I’m also writing this because the people left at The News aren’t in a position to speak up in their defense. And those who have been let go had to sign a contract saying they wouldn’t speak ill about the company. However, I don’t work there, and I left on my terms, so this company has no claim or authority over me.

I know the people at The News are trying to do the best work they can. They are working hard – and with this layoff, they’ll be expected to work even harder. They care about this community. And they don’t like what’s happening either – but they can’t say that out loud or publicly. And they are scared. They’ve spent this year watching round after round of layoffs, and they all wonder when it will come to them. I wish that I could say they are safe, but the truth is they are not. In this world, they are not more valuable than a dividend to NewMedia’s shareholders.

Nothing I write, in any way, should be seen as an indictment of any of the people who work at The News. It is, however, a clear indictment of a company that has shown zero interest in the long term health of the place you and I call home, or in the people I call friends.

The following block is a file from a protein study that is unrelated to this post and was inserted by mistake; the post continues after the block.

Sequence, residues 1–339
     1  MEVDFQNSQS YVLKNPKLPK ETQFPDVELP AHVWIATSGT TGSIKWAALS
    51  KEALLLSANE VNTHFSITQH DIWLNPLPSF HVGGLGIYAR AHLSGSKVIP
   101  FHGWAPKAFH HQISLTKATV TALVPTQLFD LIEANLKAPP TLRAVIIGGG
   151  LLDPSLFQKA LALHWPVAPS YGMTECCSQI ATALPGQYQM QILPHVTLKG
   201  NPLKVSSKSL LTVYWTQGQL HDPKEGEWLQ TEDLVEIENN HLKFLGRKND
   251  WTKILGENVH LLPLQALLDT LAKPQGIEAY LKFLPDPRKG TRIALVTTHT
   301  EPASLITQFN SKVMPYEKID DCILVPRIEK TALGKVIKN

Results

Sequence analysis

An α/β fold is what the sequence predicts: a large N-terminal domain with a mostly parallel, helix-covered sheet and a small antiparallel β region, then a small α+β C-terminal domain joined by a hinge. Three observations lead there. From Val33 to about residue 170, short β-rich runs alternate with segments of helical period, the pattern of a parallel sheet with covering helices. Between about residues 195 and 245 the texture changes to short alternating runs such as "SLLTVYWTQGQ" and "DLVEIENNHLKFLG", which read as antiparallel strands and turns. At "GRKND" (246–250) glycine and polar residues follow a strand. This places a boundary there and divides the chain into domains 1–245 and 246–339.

Here’s a link to the conference call transcript, if you’re interested in reading it.

 

14 thoughts on “Well, I kept my mouth shut as long as I could

  1. This is so right. I have a deep appreciation for those who work at the Hutchinson News. But I am concerned about the changes that I have seen with Gatehouse. My inclination is to move to digital service as I contemplate the renewal at nearly $200 for 6 months for delivery to my house. I want to support the reporters/photographers that remain but the quality of the published product is in serious decline.

  2. Thank you for sharing this important information, Jason. I am a person who has enjoyed the News long term. There’s something deeply personal and satisfying about holding thin pages of real stories before a day begins or to relax with in the evening. I miss the “old” ways and as so many have noticed and not appreciated many of the changes. Your care for the demoralized staff that remain is felt. Corporations do not and will not ever have that kind of commitment and care and that is more than unfortunate for many reasons. Again, thank you.